I was reading an article (link below) in the Edge Financial Daily (effectively the Sun's business section) by Thomas Soon & Surin Murugiah entitled "Khazanah's Proton dilemma" and was attracted to the comment made that,"...no local player could offer any real value to Proton, with or without any foreign strategic partner...", based on their polling of a small group of "automotive" analysts.
It would appear that these writers may have forgotten to sample a sufficiently large pool before penning a conclusion as, if I may myself analyse (being probably as qualified as those polled), there is one thing that the local players mentioned can bring that adds value to Proton, proper MANAGEMENT.
Proton currently doesn't have proper management, hence, even a profitable local Cokodok producing company can 'add value' to Proton. The Proof? Consider this...
- Malaysia has the largest Passenger Car market in South East Asia, with the no 2 and 3 largest markets being its neighbours Thailand and Indonesia respectively.
- Proton's home market is protected, pretty much guaranteeing a good margin for local car manufacturers, especially before the disaster that is the National Automotive Policy. And even with the disaster, other local manufacturers are making some money.
- Proton has cost superiority over all its competitors, having the largest and most modern production facility in ASEAN at Proton City, able to produce a car in less than 1 minute, 365/24/7! Its cost superiority is especially true for its newer models where own design IP is as high as 90% by some accounts.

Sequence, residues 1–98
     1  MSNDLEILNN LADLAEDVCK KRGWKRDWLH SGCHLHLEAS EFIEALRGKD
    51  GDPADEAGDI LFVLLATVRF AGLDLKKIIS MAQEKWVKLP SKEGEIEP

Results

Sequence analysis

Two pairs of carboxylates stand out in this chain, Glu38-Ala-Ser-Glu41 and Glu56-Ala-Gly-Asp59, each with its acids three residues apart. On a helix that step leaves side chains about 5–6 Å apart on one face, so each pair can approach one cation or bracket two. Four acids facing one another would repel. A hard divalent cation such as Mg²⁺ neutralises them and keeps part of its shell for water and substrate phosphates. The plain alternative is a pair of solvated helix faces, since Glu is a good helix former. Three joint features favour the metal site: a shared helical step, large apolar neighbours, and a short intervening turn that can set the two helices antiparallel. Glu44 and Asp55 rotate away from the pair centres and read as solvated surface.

- Globally and historically, all types of car companies have been shown to have the resilience to maintain control of at least 20% of its home market, whether they be Volvos, GMs, Tatas or indeed Protons, relying on strength of locality... unless they do something really stupid...
However, despite all these natural advantages, Proton is still not able to make a buck? Come on, something doesn't make sense here! When you consider the many errors committed by the current management of Proton, such as:
- Letting the original VW negotiations collapse (and not even wondering why this happened the day after they sold MV Agusta, when VW clearly wanted a hand on Proton's technology arm... which included MV Agusta...)
- Not stopping Wira production when the Gen-2, the Wira replacement model, rolled out. What, did they forget? Did they think that the Wira was such a great car - a car that even taxi drivers shunned in favor of the old warhorse Iswara?! This messed up their marketing, production, product portfolio balance, stocks management, what have you!
- Not addressing the poor quality vendor issue till now! We know la some of these vendors have political links, but come on la, where is your so called integrity Mr. Chairman of Proton? I thought you were going to usher in a new era of the defect free Proton?
- Record losses, the first conviniently hidden by the MV Agusta sale for a Euro, but many others not so convinient! Apa ni, masa krisis ekonomi dulu pun Proton untung! La masa Pak Lah kata ekonomi baguih Proton apa boleh rugi!